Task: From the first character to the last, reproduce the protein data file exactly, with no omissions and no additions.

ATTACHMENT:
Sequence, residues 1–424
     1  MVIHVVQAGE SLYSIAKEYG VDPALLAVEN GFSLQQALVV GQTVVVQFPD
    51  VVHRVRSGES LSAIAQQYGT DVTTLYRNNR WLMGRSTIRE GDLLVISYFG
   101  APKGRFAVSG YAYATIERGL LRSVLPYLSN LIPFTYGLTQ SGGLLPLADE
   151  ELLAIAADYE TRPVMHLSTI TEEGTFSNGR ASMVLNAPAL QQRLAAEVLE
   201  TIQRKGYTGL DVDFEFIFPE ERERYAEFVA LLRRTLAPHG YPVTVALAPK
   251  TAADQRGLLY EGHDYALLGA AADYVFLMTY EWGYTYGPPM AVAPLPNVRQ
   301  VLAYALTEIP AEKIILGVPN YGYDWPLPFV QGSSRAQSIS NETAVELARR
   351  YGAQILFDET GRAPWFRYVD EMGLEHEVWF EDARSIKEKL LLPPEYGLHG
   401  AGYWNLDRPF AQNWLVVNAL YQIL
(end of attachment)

Sequence, residues 1–424
     1  MVIHVVQAGE SLYSIAKEYG VDPALLAVEN GFSLQQALVV GQTVVVQFPD
    51  VVHRVRSGES LSAIAQQYGT DVTTLYRNNR WLMGRSTIRE GDLLVISYFG
   101  APKGRFAVSG YAYATIERGL LRSVLPYLSN LIPFTYGLTQ SGGLLPLADE
   151  ELLAIAADYE TRPVMHLSTI TEEGTFSNGR ASMVLNAPAL QQRLAAEVLE
   201  TIQRKGYTGL DVDFEFIFPE ERERYAEFVA LLRRTLAPHG YPVTVALAPK
   251  TAADQRGLLY EGHDYALLGA AADYVFLMTY EWGYTYGPPM AVAPLPNVRQ
   301  VLAYALTEIP AEKIILGVPN YGYDWPLPFV QGSSRAQSIS NETAVELARR
   351  YGAQILFDET GRAPWFRYVD EMGLEHEVWF EDARSIKEKL LLPPEYGLHG
   401  AGYWNLDRPF AQNWLVVNAL YQIL